This already gives a reasonably efficient algorithm, because there are only six coefficients to keep track of at each step. So the sequence of polynomials begins like this:

x(0 1)
x(0 2) + x(0 1)
x(0 2 1) + x(0 1)

Because of the way shell command expansion works, at subsequent steps the command is substituted into itself: pressing up-arrow and then return reissues the previous command, after all, so as far as the shell is concerned the current command is the same as the previous one. So from here on we combine each polynomial with itself to get the next one, and the next in the sequence is:

x(0 2 1)(x(0 2 1) + x(0 1)) + x(0 1)
= x(0 2 1)(0 2 1) + x(0 2 1)(0 1) + x(0 1)
= x(0 1 2) + x(0 2) + x(0 1).

Add up the coefficients to find the total number of !! occurrences in the string: three, in this case.

Continuing in the same way, we get:
x() + x(1 2) + x(2 1 0) + x(0 1) + x(0 1 2)
and then:
3x() + 2x(0 2) + 2x(1 2) + 2x(2 1 0) + 4x(0 1) + 4x(0 1 2).
followed by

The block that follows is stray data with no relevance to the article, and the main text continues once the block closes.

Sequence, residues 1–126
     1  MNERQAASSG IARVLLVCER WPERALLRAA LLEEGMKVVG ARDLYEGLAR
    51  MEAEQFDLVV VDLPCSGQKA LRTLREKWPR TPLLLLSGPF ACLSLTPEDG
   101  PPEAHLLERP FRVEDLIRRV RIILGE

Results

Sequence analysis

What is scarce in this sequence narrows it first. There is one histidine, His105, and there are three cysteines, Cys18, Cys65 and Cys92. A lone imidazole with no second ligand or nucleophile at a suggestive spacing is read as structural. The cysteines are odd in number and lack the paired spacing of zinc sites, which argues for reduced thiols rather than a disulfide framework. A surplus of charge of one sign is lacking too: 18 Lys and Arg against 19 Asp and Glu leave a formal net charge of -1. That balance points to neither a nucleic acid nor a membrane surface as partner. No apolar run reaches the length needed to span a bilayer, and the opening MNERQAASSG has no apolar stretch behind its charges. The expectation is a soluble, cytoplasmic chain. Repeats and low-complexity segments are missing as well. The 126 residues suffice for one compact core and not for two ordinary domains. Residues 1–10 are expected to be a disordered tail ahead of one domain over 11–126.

25x() + 24x(0 2) + 24x(1 2) + 24x(2 1 0) + 32x(0 1) + 32x(0 1 2).
and then
2545x() + 2544x(0 2) + 2544x(1 2) + 2544x(2 1 0) + 2752x(0 1) + 2752x(0 1 2).

This is interesting! A pattern seems to be developing. It looks as though our polynomials all have the form

x() + p(x() + x(0 2) + x(1 2) + x(2 1 0)) + q(x(0 1) + x(0 1 2))

for some numbers p and q, which neatly separates the substitutable part from the single-quoted part. Let’s define

α = x() + x(0 2) + x(1 2) + x(2 1 0)
β = (0 1) + x(0 1 2)

so we can write these polynomials as x() + pα + qβ. If we could show that (x() + pα)(x() + pα + qβ) + qβ has the same form, then we know the pattern will continue for ever. Indeed this works! If you multiply out α2 and αβ, then you find that α2 = 3α + 2β and αβ = α + 2β, so we get